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Whether or not the non-payment of premium does not cancel the policy in a perfected contract of insurance Whether or not a partial payment of the premium made the policy effective during the whole period of the policy Ruling: The petition is lack of merit. There is, consequently, no doubt at all that, as between the insurer and the insured, there was not only a perfected contract of insurance but a partially performed one as far as the payment of the agreed premium was concerned. Thereafter the obligation of the insurer to pay the insured the amount for which the policy was issued in case the conditions therefor had been complied with, arose and became binding upon it, while the obligation of the insured to pay the remainder of the total amount of the premium due became demandable. The court did not agree with appellant's theory that non-payment by it of the premium due, produced the cancellation of the contract of insurance. Such theory would place exclusively in the hands of one of the contracting parties the right to decide whether the contract should stand or not. Rather the correct view would seem to be this: as the contract had become perfected, the parties could demand from each other the performance of whatever obligations they had assumed. In the case of the insurer, it is obvious that it had the right to demand from the insured the completion of the payment of the premium due or sue for the rescission of the contract. As it chose to demand specific performance of the insured's obligation to pay the balance of the premium, the latter's duty to pay is indeed indubitable. The appealed decision being in accordance with law and the evidence, the same is affirmed. Digested by: Gestopa, Gevina Makati Tuscany Condominium Corp. vs. Court of Appeals Facts: Sometime in early 1982, private respondent American Home Assurance Co. (AHAC), represented by American International Underwriters (Phils.), Inc., issued in favor of petitioner Makati Tuscany Condominium Corporation (TUSCANY) Insurance Policy on the latter's building and premises, for a period beginning March 1982 and ending March 1983, with a total premium of P466,103.05. The premium was paid on installments, all of which were accepted by private respondent. In February 1983, private respondent issued to petitioner another Insurance Policy, which replaced and renewed the previous policy, for a term covering 1 March 1983 to 1 March 1984. The premium in the amount of P466,103.05 was again paid on installments. All payments were likewise accepted by private respondent. In January 1984, the policy was again renewed and private respondent issued to petitioner Insurance Policy for the period March 1984 to March 1985. On this renewed policy, petitioner made two installment payments, both accepted by private respondent. Thereafter, petitioner refused to pay the balance of the premium. Consequently, AHAC filed an action to recover the unpaid balance of P314,103.05 for Insurance policy. In its answer with counterclaim, Tuscany admitted the issuance of Insurance Policy. It explained that it discontinued the payment of premiums because the policy did not contain a credit clause in its favor and the receipts for the installment payments covering the policy for 1984-85, as well as the two (2) previous policies, stated the following reservations: (2) Acceptance of this payment shall not waive any of the company rights to deny liability on any claim under the policy arising before such payments or after the expiration of the credit clause of the policy; and (3) Subject to no loss prior to premium payment. If there be any loss such is not covered. Tuscany further claimed that the policy was never binding and valid, and no risk attached to the policy. It then pleaded a counterclaim for P152,000.00 for the premiums already paid for 1984-85, and in its answer with amended counterclaim, sought the refund of P924,206.10 representing the premium payments for 1982-85. Issue: Whether payment by installment of the premiums due on an insurance policy invalidates the contract of insurance. Ruling: No. The subject policies are valid even if the premiums were paid on installments. The records clearly show that Tuscany and AHAC intended subject insurance policies to be binding and effective notwithstanding the staggered payment of the premiums. The initial insurance contract entered into in 1982 was renewed in 1983, then in 1984. In those 3 years, the insurer accepted all the installment payments. Such acceptance of payments speaks loudly of the insurer's intention to honor the policies it issued to Tuscany. Certainly, basic principles of equity and fairness would not allow the insurer to continue collecting and accepting the premiums, although paid on installments, and later deny liability on the lame excuse that the premiums were not prepaid in full. Thus, while the import of Section 77 is that prepayment of premiums is strictly required as a condition to the validity of the contract, the Court was not prepared to rule that the request to make installment payments duly approved by the insurer, would prevent the entire contract of insurance from going into effect despite payment and acceptance of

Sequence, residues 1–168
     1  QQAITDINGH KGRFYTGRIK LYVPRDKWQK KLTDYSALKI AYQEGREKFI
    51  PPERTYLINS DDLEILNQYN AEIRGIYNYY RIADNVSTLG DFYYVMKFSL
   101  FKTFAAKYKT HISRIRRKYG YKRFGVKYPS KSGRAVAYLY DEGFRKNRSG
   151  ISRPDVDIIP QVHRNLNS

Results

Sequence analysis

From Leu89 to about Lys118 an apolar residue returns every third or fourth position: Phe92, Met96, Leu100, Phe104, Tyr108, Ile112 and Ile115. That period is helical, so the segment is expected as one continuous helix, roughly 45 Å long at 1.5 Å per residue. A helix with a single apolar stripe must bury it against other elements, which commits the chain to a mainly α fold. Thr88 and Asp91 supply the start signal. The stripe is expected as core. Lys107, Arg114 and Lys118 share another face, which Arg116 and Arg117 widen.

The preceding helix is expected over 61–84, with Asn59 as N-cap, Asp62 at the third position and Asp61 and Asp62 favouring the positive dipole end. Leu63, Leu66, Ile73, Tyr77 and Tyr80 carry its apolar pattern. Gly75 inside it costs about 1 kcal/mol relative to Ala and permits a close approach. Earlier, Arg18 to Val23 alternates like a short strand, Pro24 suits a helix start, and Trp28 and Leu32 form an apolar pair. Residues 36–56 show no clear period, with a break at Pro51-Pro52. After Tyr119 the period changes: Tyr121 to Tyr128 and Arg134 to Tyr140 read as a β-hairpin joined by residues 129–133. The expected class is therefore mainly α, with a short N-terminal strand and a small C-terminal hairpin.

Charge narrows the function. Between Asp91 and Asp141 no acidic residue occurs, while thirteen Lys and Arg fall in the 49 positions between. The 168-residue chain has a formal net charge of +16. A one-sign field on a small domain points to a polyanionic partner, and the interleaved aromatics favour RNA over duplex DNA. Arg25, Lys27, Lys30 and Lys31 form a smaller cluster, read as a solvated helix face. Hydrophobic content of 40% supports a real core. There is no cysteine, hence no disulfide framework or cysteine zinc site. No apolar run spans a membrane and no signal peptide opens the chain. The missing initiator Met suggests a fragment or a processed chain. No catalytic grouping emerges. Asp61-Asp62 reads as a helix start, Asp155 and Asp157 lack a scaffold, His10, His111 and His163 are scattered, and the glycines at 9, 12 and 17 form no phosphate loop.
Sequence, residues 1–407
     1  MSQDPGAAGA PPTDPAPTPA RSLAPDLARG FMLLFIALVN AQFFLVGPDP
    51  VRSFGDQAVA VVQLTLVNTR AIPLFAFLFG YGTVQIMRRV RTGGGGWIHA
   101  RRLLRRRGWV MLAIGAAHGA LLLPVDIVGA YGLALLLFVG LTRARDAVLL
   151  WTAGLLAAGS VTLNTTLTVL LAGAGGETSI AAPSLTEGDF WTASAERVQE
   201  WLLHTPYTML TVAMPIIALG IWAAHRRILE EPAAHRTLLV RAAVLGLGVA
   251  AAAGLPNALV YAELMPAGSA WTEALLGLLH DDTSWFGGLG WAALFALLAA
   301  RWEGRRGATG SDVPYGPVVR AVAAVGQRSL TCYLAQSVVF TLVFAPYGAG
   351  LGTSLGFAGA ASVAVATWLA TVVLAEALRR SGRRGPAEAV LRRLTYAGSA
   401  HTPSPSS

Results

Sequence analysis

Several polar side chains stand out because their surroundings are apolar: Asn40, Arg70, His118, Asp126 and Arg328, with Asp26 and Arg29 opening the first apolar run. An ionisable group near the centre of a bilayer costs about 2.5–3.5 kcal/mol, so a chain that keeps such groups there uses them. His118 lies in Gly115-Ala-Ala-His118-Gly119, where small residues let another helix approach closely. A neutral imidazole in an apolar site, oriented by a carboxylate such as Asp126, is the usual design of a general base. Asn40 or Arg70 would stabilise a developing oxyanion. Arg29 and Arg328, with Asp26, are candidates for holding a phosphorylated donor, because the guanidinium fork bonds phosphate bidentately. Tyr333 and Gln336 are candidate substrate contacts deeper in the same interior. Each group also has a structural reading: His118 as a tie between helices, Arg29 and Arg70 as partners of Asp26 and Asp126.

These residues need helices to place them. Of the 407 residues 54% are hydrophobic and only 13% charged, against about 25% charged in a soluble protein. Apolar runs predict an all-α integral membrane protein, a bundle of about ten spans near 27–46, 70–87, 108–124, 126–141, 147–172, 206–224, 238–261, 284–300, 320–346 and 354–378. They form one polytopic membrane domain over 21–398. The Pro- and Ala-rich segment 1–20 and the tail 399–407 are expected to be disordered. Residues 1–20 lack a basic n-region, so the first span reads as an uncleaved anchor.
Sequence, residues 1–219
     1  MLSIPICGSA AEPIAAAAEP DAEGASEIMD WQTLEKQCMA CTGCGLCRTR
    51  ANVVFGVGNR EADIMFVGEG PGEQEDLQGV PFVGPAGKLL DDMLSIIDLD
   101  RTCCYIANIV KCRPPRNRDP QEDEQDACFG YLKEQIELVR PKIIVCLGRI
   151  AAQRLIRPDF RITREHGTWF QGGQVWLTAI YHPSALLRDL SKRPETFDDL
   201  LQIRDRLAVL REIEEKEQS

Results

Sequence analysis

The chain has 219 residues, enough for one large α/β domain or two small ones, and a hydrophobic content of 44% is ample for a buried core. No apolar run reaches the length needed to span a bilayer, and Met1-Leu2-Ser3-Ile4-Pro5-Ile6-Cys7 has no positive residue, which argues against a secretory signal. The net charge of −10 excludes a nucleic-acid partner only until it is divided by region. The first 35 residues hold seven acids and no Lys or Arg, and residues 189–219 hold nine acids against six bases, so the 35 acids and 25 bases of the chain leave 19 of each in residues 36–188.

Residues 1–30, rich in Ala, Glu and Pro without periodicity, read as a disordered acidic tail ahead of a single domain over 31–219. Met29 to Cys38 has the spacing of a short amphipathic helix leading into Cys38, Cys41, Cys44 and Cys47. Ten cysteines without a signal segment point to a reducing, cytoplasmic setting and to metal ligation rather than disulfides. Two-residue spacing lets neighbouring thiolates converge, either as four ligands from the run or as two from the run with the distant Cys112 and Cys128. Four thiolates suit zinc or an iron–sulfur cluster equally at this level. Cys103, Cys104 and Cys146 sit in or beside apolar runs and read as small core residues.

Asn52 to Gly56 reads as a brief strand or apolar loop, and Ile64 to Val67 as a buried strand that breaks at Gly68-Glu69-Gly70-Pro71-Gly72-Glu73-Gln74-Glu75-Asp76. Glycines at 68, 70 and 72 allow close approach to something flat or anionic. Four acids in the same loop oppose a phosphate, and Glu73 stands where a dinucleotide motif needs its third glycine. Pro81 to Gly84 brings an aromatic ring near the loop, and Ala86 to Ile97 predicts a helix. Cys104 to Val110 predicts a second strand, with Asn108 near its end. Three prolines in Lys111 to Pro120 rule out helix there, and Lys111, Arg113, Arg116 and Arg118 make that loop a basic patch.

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the initial premium or first installment. Section 78 of the Insurance Code in effect allows waiver by the insurer of the condition of prepayment by making an acknowledgment in the insurance policy of receipt of premium as conclusive evidence of payment so far as to make the policy binding despite the fact that premium is actually unpaid. Section 77 merely precludes the parties from stipulating that the policy is valid even if premiums are not paid, but does not expressly prohibit an agreement granting credit extension, and such an agreement is not contrary to morals, good customs, public order or public policy. So is an understanding to allow insured to pay premiums in installments not so proscribed. At the very least, both parties should be deemed in estoppel to question the arrangement they have voluntarily accepted. It appearing from the peculiar circumstances that the parties actually intended to make the three (3) insurance contracts valid, effective and binding, Tuscany may not be allowed to renege on its obligation to pay the balance of the premium after the expiration of the whole term of the third policy (AH-CPP9210651) in March 1985. Moreover, where the risk is entire and the contract is indivisible, the insured is not entitled to a refund of the premiums paid if the insurer was exposed to the risk insured for any period, however brief or momentary. Digested by: Roxanne A. Huyo Tibay v. CA Facts: On 22 January 1987 private respondent Fortune Life and General Insurance Co., Inc. (FORTUNE) issued Fire Insurance Policy No. 136171 in favor of Violeta R. Tibay and/or Nicolas Roraldo on their two-storey residential building located at 5855 Zobel Street, Makati City, together with all their personal effects therein. The insurance was for P600,000.00 covering the period from 23 January 1987 to 23 January 1988. On 23 January 1987, of the total premium of P2,983.50, petitioner Violeta Tibay only paid P600.00 thus leaving a considerable balance unpaid. On 8 March 1987 the insured building was completely destroyed by fire. On 10 March 1987 Violeta Tibay paid the balance of the premium. On the same day, she filed with FORTUNE a claim on the fire insurance policy. Her claim was accordingly referred to its adjuster, Goodwill Adjustment Services, Inc. (GASI). Petitioner forthwith complied and signed a non-waiver agreement. In a letter dated 11 June 1987, FORTUNE denied the claim of Violeta for violation of Policy Condition No. 2 and of Sec. 77 of the Insurance Code. Efforts to settle the case before the Insurance Commission proved futile. On 19 July 1990 the trial court ruled for petitioners and adjudged FORTUNE liable. On 24 March 1995 the Court of Appeals reversed the court a quo by declaring FORTUNE not to be liable to plaintiff-appellees therein but ordering defendant-appellant to return to the former the premium of P2,983.50 plus 12% interest from 10 March 1987 until full payment. Hence this petition for review… Issue: WON a fire insurance policy is valid, binding and enforceable upon mere partial payment of premium Ruling: The SC finds no merit in the petition; hence, it affirms the Court of Appeals. Insurance is a contract whereby one undertakes for a consideration to indemnify another against loss, damage or liability arising from an unknown or contingent event. The consideration is the premium, which must be paid at the time and in the way and manner specified in the policy, and if not so paid, the policy will lapse and be forfeited by its own terms. The pertinent provisions in the Policy on premium read – THIS POLICY OF INSURANCE WITNESSETH, THAT only after payment to the Company in accordance with Policy Condition No. 2 of the total premiums by the insured as stipulated above for the period aforementioned for insuring against Loss or Damage by Fire or Lightning as herein appears, the Property herein described x x x 2. This policy including any renewal thereof and/or any endorsement thereon is not in force until the premium has been fully paid to and duly receipted by the Company in the manner provided herein. Any supplementary agreement seeking to amend this condition prepared by agent, broker or Company official, shall be deemed invalid and of no effect. xxx xxx xxx Except only in those specific cases where corresponding rules and regulations which are or may hereafter be in force provide for the payment of the stipulated premiums in periodic installments at fixed percentage, it is hereby declared, agreed and warranted that this policy shall be deemed effective, valid and binding upon the Company only when the premiums therefor have actually been paid in full and duly acknowledged in a receipt signed by any authorized official or representative/agent of the Company in such manner as provided herein. Clearly the Policy provides for payment of premium in full. Accordingly, where the premium has only been partially paid and the balance paid only after the peril insured against has occurred, the insurance contract did not take effect and the insured cannot collect at all on the policy. This is fully supported by Sec. 77 of the Insurance Code which provides –